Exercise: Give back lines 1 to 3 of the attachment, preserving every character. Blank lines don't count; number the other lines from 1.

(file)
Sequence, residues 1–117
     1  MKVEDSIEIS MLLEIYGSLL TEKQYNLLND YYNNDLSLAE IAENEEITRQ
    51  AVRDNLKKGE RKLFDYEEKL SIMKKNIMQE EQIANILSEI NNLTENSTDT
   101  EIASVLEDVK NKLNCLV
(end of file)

Sequence, residues 1–117
     1  MKVEDSIEIS MLLEIYGSLL TEKQYNLLND YYNNDLSLAE IAENEEITRQ
    51  AVRDNLKKGE RKLFDYEEKL SIMKKNIMQE EQIANILSEI NNLTENSTDT